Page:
Geelong Design Week 2021 showcased local design and creativity to more than 6000 people. A total of 54 local designers, artists and innovators hosted over 60 events to inspire, challenge and delight audiences from Greater Geelong and beyond.
Geelong is the only city in Australia to be awarded a UNESCO City of Design status. Humans in Geelong were very proud to be part of Geelong Design Week 2021.
Geelong Design Week are looking forward to seeing their hosts and audiences again in 2022. Until then, check out this short, fun, snappy video about the event.
Fun Fact: Tonya Meyrick, of Deakin University, who also features in the video, and her Design students, helped with the design of our Humans in Geelong Book. Video by: @truesouthfilm Thanks @geelongdesignctiy and all involved.
Sometimes life changes in a major way, but sometimes it keeps changing in many smaller ways and you keep moving, or, as in Pam’s case, you keep dancing!
Pam has always danced. She was teaching dance improvisation in Melbourne 20 years ago when she travelled to Argentina and fell in love with Tango. It was not simply the dance she fell in love with, but everything that surrounded it. “Tango is a social force. It allows all ages and all levels of skill to participate. It is respectful of older people. Dance is an invitation and guidance and a respect of shared space” she says.
Then her husband hurt his back and she was diagnosed with breast cancer with complications associated with her treatment. While she recovered, she noticed that she felt “not in balance”. Tango relies on fine balance and she needed to work on regaining that.
Around that time, they moved to Geelong and discovered the Christ Church community that supports people on the margins of society. Pam notes that these are people without support, or with health problems, homeless or have served prison terms. “They are a colourful group but they all have names and stories. Tango began with those seen as ‘on the edge’ of society, so this, she felt, was the perfect place for her to begin a community Tango group on Monday evenings.
“My situation changed 12 years ago”. Up until then Howard was very active. He had moved from the Northern Territory with his family so the four children could go to school in Geelong. He was coaching and umpiring for football games, and working full time as a librarian at CSIRO. Life was busy but good.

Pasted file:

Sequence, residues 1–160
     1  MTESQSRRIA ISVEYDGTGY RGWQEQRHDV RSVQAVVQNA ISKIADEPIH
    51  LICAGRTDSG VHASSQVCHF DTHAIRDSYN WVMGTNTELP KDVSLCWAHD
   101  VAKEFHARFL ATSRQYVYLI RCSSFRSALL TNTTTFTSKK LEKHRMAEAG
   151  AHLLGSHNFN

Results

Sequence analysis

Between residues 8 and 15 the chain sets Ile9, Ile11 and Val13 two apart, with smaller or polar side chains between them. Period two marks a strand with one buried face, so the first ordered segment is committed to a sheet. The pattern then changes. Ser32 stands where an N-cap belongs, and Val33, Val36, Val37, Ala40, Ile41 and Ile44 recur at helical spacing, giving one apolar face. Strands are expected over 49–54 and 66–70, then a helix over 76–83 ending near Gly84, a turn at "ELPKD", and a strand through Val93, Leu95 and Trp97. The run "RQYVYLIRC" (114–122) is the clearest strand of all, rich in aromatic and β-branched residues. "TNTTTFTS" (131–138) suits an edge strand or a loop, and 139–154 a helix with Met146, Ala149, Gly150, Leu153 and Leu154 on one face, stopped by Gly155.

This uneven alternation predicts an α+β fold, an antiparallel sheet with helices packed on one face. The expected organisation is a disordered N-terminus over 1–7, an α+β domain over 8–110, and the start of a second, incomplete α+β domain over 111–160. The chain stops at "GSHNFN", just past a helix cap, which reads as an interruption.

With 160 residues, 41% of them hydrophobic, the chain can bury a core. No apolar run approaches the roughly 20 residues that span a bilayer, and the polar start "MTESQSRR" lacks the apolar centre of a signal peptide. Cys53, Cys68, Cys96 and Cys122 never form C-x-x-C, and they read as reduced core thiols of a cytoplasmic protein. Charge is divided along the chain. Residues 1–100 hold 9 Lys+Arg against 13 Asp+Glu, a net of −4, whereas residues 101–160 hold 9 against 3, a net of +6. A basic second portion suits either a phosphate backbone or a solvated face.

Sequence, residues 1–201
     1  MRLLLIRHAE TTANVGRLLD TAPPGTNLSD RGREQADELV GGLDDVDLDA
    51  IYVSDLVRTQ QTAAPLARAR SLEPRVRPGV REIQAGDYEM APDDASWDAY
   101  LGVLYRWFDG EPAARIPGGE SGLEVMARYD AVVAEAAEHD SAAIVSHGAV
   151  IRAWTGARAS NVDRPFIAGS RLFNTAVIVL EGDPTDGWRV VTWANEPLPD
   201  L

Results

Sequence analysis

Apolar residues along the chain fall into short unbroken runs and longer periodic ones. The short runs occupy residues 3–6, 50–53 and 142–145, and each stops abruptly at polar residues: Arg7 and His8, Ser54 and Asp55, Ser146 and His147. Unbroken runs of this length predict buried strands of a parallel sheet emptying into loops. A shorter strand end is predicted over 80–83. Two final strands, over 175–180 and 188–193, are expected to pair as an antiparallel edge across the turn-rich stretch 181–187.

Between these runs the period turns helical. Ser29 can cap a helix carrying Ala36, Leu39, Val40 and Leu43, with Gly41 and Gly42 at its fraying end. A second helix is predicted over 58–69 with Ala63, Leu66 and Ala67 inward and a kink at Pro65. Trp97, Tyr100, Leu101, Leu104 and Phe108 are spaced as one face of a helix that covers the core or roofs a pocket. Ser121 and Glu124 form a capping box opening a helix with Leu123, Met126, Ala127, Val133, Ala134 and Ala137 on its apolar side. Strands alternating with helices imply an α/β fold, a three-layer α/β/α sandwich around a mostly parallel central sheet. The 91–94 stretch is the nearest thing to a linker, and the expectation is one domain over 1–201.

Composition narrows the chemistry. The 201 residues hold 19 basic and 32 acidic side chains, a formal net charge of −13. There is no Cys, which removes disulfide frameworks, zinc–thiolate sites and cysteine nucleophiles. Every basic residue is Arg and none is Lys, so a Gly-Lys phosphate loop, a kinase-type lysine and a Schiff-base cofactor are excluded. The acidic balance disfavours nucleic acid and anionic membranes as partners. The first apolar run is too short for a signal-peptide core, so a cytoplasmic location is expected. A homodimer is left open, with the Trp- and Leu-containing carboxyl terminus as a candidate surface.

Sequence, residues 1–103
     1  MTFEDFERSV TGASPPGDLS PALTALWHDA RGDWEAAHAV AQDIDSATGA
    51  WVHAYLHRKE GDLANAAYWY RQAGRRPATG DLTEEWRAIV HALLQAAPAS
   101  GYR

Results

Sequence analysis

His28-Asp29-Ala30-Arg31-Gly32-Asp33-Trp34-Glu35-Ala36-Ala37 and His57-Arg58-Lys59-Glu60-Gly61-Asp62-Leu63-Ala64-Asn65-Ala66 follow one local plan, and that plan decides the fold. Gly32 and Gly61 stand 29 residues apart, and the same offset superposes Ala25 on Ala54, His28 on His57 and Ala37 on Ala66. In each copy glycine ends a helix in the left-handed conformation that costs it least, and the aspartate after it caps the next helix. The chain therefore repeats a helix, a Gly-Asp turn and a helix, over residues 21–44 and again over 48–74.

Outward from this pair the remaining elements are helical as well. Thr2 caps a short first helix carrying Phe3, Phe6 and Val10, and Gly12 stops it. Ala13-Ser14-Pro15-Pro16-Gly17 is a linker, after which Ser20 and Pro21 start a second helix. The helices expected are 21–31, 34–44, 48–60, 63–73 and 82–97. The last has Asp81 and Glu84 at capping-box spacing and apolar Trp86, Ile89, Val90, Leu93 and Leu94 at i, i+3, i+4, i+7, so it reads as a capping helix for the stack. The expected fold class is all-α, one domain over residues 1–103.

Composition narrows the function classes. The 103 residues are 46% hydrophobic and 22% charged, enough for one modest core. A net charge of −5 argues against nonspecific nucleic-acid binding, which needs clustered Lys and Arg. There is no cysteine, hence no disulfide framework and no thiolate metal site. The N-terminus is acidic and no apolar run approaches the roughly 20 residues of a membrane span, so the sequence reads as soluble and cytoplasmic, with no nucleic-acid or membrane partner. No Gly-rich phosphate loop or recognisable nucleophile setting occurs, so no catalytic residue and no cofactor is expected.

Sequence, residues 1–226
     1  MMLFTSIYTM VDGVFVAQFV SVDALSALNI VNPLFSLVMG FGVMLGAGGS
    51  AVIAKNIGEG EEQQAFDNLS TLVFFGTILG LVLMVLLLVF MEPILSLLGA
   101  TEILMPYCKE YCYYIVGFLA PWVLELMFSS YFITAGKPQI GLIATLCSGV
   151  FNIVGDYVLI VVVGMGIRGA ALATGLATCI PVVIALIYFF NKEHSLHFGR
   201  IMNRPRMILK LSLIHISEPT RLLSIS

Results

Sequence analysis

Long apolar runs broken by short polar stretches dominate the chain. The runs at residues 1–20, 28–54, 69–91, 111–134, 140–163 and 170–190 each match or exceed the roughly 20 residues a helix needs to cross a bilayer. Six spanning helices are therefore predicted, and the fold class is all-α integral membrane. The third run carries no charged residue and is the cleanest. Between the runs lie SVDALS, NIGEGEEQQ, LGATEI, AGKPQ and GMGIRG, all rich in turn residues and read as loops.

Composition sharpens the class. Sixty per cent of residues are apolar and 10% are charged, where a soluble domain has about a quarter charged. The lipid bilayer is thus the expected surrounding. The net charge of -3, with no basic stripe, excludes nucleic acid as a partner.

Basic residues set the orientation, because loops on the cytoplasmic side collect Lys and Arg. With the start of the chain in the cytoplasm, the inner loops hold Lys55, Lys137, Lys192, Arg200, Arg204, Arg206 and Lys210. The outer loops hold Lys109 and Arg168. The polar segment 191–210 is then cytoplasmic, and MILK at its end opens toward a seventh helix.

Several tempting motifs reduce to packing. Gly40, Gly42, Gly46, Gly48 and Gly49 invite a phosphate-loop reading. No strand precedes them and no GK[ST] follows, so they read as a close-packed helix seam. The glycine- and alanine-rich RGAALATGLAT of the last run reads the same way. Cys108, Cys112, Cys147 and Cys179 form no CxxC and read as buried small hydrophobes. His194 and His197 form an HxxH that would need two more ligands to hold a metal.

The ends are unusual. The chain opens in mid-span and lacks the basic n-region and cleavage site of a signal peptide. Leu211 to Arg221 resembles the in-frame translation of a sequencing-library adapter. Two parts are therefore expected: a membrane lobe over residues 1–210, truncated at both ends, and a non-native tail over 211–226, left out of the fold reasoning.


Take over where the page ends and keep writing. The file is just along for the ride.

He took a month holiday and found on his return, that he was having trouble replying to emails, and moving his left arm at coaching. His doctor referred him to a neurologist who gave him a tablet to take. Howard returned the next day with the good news that it had worked, but this quickly soured when the specialist informed him that this was evidence that he had Parkinson’s disease. Shocked he asked if this affected his life expectancy and was told to “do the things you want now, not later, as your quality of life has a window”.
Rocked by the news, as well as the way in which it had been delivered, Howard found himself at the age of 48, asking ‘What do I do now?’ Libraries rely on electronic materials and communication. He needed his fine motor skills to continue, so he left this position and worked part-time at the Gordon Institute before this opportunity was also removed. It had all happened in such a short time-frame that he found himself asking “What is the point?”
Then, on top of that, his mum passed away and Howard had to manage closing all her affairs. He came across her diaries. “For the last four to five years there was a common entry …’Nobody called, nobody came’. That hit me. I needed to pull myself up and get on with it. I gave myself a talking to, to get on with life. At first my expectation was that, with treatment, I could return to what I was. But once I realised that wasn’t going to happen, I got comfortable with moving forward.”